HDD prices rise with floodwaters

Updated: 2011-11-02 10:38

By Gao Yuan and Tuo Yannan (China Daily)

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HDD prices rise with floodwaters

A vendor at an IT mall in Jiaxing, Zhejiang province, holds up hard disks that made in Thailand. [Photo/China Daily]

Elevated costs of storage units may continue until 2012, analysts say

BEIJING - The price of hard disk drives (HDDs) is rising as devastating floods in Thailand cripple production. Analysts suggest that the effect could last until the end of the first quarter of 2012.

HDD prices have gone up by nearly 50 percent in Beijing after "the worst flooding for half a century" hit the world's second-largest HDD producer.

The price of a 500 gigabyte HDD jumped 56 percent to about 470 yuan ($74) from less than 300 yuan two weeks ago, said venders at an electronics market in Zhongguancun, the largest electronic device distributing center in Beijing.

Thailand provides around 40 percent of the international HDD supply, making it the world's No 2, after China.

"As the flooding hit Thailand's semiconductor manufacturing plants, 80 to 90 percent were HDD-related," said Wang Yang, an analyst at iSuppli Asia Shanghai Ltd.

He suggested that the effects of the disaster on global HDD prices are likely to last until the end of the first quarter of next year.

The flood has affected about 3 million households and 9.9 million people in more than 80 percent of the Thai provinces since July 25. As of Tuesday, the disaster had claimed 384 lives across the country, authorities said.

Research company IHS iSuppli predicted that total drive shipments could fall 28 percent, to 125 million units from 173 million in the third quarter. That's the biggest drop since 2008.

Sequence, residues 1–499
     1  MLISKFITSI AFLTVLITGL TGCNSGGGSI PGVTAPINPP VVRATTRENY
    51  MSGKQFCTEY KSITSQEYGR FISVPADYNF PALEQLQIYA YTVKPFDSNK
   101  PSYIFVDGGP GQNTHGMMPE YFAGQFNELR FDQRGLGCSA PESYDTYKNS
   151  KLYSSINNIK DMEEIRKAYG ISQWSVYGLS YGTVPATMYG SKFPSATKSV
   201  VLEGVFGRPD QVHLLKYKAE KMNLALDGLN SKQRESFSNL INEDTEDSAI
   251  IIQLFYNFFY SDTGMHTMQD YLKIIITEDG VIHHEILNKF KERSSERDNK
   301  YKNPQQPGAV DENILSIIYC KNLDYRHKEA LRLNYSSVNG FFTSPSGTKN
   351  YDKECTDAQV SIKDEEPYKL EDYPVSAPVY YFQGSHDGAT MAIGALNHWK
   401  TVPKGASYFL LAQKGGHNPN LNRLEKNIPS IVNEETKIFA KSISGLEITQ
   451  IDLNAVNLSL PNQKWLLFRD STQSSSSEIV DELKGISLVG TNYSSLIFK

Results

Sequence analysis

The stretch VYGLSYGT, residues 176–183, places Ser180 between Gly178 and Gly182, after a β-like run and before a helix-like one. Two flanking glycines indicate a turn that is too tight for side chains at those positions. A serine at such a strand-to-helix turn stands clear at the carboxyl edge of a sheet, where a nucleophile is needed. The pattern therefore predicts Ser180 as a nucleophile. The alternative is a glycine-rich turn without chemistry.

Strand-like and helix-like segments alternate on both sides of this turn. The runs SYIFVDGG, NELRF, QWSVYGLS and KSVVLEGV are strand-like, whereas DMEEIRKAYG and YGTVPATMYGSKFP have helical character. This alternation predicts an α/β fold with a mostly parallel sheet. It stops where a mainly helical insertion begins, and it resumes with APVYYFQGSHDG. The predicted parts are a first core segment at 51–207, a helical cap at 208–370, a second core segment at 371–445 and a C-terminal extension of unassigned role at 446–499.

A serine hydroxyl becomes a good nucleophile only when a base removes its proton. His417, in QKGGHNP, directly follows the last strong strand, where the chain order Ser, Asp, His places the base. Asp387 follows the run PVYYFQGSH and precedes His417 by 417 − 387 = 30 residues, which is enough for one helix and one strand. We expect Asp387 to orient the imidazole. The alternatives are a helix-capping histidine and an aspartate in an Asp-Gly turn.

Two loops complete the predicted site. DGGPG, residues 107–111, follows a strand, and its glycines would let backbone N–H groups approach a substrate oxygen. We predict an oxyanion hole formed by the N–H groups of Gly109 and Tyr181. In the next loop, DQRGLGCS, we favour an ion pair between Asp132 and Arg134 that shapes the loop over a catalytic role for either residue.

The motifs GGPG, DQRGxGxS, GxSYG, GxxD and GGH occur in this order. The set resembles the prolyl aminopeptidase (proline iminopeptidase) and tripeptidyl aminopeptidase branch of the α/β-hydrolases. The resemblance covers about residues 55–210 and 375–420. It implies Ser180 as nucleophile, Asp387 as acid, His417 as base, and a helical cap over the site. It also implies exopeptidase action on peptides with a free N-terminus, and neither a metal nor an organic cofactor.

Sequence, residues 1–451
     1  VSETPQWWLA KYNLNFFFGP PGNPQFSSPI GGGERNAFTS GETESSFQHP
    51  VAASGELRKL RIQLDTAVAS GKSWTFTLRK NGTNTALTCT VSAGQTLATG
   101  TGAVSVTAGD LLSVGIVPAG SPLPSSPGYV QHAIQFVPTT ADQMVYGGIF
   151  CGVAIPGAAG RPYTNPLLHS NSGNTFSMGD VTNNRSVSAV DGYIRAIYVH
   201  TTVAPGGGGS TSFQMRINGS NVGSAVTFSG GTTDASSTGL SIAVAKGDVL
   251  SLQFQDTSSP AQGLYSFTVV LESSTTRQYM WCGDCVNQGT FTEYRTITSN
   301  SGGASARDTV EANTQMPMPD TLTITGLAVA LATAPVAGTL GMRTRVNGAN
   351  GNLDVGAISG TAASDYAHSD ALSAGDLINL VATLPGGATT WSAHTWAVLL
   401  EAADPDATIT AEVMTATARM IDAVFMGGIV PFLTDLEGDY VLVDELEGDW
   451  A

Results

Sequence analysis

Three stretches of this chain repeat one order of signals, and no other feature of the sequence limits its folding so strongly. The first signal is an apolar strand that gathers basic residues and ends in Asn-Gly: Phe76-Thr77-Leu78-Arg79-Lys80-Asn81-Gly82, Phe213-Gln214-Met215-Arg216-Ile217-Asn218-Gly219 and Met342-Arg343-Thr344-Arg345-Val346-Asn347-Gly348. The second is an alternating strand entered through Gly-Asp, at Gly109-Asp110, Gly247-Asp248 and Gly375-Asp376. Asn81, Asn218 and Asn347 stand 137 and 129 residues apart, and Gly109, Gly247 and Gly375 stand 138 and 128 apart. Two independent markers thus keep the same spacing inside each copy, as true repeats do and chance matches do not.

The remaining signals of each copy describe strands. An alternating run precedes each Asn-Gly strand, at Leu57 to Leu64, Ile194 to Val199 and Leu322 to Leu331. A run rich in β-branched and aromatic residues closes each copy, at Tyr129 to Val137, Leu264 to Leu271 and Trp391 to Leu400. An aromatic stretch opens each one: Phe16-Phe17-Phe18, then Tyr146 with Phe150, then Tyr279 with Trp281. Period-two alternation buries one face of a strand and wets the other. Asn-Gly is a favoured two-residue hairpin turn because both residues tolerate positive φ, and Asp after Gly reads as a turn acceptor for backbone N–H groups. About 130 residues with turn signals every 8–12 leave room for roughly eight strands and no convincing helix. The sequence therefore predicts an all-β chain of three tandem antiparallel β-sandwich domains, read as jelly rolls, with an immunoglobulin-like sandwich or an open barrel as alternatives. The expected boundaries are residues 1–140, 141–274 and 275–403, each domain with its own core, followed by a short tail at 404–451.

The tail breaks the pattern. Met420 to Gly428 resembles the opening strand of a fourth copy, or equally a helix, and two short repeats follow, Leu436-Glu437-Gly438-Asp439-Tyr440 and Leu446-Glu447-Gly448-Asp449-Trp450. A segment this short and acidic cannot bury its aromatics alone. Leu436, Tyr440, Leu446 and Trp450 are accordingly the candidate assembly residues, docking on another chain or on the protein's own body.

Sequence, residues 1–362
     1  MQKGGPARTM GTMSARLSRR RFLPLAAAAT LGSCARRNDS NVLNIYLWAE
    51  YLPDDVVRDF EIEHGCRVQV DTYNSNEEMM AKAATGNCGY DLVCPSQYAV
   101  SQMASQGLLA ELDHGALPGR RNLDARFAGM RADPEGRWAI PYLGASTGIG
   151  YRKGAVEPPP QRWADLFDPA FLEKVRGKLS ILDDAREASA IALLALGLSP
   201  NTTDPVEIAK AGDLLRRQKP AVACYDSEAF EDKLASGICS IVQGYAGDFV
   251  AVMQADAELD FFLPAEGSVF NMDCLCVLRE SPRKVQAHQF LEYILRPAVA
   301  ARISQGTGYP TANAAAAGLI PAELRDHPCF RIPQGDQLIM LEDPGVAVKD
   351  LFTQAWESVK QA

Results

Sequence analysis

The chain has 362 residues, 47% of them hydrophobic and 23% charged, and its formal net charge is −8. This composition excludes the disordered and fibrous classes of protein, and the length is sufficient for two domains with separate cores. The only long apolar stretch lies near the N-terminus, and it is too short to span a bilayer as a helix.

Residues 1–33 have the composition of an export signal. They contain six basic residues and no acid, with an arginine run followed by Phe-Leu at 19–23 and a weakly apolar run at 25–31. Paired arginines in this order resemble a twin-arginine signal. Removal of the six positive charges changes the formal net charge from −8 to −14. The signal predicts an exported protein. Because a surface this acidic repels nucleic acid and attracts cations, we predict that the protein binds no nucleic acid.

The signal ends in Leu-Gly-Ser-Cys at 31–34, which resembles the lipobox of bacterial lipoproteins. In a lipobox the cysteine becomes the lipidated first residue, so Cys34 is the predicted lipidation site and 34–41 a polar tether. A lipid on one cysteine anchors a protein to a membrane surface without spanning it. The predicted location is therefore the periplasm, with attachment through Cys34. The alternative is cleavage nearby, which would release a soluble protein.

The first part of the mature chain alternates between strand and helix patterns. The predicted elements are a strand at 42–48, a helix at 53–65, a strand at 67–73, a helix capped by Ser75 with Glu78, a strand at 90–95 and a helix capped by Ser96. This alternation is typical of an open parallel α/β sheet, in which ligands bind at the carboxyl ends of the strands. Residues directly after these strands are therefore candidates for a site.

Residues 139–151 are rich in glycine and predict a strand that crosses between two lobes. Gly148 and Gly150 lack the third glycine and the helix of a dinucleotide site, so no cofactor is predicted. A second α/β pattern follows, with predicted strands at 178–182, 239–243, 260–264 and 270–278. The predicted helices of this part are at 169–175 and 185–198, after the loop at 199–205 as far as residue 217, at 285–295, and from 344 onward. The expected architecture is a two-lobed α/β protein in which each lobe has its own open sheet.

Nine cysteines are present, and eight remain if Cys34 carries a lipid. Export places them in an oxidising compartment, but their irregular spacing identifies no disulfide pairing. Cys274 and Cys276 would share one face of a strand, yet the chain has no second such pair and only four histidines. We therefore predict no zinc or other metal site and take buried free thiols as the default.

Top HDD makers such as Western Digital Corp, Toshiba Corp and Seagate Technology LLC all have manufacturing plants in Thailand.

Western Digital announced on Oct 26 that it had closed its plants in Thailand because of the worsening situation.

Toshiba said 90 percent of its manufacturing plants in Thailand have halted production, adding that the current situation made it hard to predict when production could be resumed. Previous reports show Toshiba had switched some of the production to its Philippines plant.

Chinese personal computer (PC) maker Lenovo Group Ltd also expressed concern over the HDD supply. It said shortages may occur in the first quarter of 2012.

Meanwhile, Seagate has lowered its prediction for fourth-quarter global HDD production from 55 million units to 40 to 45 million units.

However, Wang believes the HDD shortage will cause limited damage to the world PC industry.

"The world's top PC makers will put their main effort into 'ultrabooks' by 2012, and the demand for HDDs is expected to drop in the future," he said.

An ultrabook is a type of thin and lightweight laptop, and the solid-state drive will be widely used in the next-generation laptop instead of HDDs.

In Beijing, laptop prices remained stable after the HDD price hike.

Hewlett-Packard Co and Toshiba said their PC supply in China is unlikely to be affected as their PC sector is not in Thailand.

In addition, Wang believes that the HDD manufacturers are unlikely to move their production lines to China. "The labor cost in China is growing, and plants are moving out rather than moving into China," he said.